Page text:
There were some changes made to the child tax credit rules in the new tax bill. The amount of the credit was increased, the adjusted gross income phase-outs were increased, a new non-child dependent tax credit was added, and limits were added to the refundable portion of the tax credit. The changes are summarized in the below table.
|Old Law||New Law|
|Qualifying Child Tax Credit||$1,000 per child UNDER age 17||$2,000 per child UNDER age 17|
|Qualifying Dependent Tax Credit||N/A||A $500 nonrefundable tax credit is added for qualifying dependents other than qualifying children|
|AGI Phase-Outs||The child tax credit is reduced $50 for each $1,000 of modified gross income (AGI) over $75,000 for single individuals or heads of households, $110,000 for married individuals filing jointly, and $55,000 for married individuals filing separately.||The child tax credit is reduced by $50 for each $1,000 of modified gross income (AGI) in excess of $400,000 for married individuals filing jointly, and $200,000 for all other taxpayers. The phase-outs are not indexed for inflation.|
|Refundable Credit||If the child tax credit exceeds the taxpayer’s tax liability, the taxpayer is eligible for a refundable credit (also known as the “additional child tax credit”) equal to 15% of earned income in excess of $3,000 (the “earned income” formula).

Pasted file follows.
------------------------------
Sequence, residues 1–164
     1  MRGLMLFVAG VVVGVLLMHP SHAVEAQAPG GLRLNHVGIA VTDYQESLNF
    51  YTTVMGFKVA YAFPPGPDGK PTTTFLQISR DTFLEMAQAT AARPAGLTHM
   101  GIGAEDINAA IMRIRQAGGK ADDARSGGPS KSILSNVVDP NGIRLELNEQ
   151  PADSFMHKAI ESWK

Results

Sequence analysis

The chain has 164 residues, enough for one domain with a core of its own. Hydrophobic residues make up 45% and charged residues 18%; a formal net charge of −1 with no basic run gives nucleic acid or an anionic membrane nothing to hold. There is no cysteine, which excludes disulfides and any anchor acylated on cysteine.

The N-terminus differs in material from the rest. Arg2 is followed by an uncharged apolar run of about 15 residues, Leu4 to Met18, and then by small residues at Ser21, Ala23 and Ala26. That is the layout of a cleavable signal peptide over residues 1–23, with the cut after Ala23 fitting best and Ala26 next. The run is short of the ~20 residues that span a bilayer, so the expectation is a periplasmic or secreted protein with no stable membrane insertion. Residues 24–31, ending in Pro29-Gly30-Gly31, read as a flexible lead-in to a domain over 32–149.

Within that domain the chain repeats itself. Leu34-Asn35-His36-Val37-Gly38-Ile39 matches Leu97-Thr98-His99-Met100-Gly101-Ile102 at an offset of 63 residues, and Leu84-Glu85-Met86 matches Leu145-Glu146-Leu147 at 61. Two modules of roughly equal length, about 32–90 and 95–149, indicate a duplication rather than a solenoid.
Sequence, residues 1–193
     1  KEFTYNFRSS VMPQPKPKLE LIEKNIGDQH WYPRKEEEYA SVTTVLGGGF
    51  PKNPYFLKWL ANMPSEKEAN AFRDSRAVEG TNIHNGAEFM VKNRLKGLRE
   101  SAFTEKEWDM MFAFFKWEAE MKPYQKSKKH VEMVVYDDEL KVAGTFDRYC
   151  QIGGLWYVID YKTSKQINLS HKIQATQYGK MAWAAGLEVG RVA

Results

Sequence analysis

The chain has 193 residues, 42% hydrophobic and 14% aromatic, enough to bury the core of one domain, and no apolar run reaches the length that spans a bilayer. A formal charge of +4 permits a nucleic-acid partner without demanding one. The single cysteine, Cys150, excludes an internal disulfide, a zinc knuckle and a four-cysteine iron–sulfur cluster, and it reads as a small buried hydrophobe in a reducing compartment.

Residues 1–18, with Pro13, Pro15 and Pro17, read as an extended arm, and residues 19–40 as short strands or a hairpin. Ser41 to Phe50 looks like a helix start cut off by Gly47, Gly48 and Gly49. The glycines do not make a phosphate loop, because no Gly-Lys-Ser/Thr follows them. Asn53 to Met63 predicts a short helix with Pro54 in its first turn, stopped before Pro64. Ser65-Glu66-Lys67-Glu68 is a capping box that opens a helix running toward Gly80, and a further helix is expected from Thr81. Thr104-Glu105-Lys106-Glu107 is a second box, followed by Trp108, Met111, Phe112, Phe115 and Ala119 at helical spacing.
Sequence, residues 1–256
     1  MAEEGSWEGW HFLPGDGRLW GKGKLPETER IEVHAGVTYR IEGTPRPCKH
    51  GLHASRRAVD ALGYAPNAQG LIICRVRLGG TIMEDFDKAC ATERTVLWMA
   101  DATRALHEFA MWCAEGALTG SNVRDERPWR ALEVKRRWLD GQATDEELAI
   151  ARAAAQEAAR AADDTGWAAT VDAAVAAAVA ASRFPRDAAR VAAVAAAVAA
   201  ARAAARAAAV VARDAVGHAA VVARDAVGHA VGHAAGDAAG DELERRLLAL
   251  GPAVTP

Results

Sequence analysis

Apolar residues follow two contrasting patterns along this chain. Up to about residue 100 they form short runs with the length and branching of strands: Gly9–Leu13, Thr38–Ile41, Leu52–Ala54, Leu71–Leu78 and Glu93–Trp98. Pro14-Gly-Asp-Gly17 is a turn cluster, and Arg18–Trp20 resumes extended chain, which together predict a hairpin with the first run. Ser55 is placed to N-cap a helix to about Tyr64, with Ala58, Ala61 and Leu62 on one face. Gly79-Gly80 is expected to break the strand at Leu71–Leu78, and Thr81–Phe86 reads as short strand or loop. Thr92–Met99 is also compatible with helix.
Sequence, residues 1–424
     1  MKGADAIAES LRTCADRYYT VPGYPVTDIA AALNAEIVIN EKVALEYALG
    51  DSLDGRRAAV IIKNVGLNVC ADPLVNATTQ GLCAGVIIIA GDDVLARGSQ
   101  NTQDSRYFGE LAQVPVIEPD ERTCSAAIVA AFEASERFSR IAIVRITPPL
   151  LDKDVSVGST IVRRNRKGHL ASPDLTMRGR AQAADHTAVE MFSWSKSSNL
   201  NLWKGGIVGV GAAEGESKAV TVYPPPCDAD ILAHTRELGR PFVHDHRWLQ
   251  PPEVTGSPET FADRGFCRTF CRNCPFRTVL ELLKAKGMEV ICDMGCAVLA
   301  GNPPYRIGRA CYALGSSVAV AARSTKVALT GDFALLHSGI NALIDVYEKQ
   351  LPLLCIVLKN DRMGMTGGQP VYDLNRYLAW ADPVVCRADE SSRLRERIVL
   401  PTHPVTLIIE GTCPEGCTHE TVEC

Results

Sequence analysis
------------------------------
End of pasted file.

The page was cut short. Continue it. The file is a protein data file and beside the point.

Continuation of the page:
The maximum refundable tax credit cannot exceed $1,000.
|Same as the old law, except the additional child tax credit is equal to 15% of earned income in excess of $2,500 instead of $3,000.
The maximum refundable tax credit cannot exceed $1,400. This amount will be indexed for inflation in increments of $100.
|Alternative Formula||Families with three or more children may determine the additional tax credit using the alternative formula if it results in a larger credit under the earned income formula. Under this formula, the additional child tax credit equals the amount by which the taxpayer’s Social Security taxes exceeds the taxpayer’s earned income credit.||Same as old law|
|Social Security Numbers||No credit will be allowed unless the taxpayer includes the name and Social Security number of the qualifying child on the taxpayer’s tax return. The Social Security number must be issued on or before the filing due date (including extensions) of the taxpayer’s return.||There is still a Social Security number requirement for the qualifying child tax credit, but there is not a Social Security number requirement for the $500 non-child dependent tax credit. If a qualifying child does not have a Social Security number, they are still eligible for the $500 non-child dependent credit.|